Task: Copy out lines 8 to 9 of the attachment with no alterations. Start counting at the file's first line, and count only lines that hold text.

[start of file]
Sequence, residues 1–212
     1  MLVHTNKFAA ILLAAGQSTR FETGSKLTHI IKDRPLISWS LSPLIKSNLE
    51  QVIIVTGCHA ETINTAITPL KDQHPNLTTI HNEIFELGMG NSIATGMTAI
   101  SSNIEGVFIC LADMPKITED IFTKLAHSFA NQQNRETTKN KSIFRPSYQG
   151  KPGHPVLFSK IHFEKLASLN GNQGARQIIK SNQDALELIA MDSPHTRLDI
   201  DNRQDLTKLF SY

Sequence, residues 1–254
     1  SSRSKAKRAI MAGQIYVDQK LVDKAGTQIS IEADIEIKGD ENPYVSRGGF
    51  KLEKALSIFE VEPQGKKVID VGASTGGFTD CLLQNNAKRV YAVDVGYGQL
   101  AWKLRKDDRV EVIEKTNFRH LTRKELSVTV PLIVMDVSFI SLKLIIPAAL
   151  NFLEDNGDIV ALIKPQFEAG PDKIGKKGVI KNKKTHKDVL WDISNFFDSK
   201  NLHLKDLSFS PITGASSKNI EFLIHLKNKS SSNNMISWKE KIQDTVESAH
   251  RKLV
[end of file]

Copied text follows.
     1  SSRSKAKRAI MAGQIYVDQK LVDKAGTQIS IEADIEIKGD ENPYVSRGGF
    51  KLEKALSIFE VEPQGKKVID VGASTGGFTD CLLQNNAKRV YAVDVGYGQL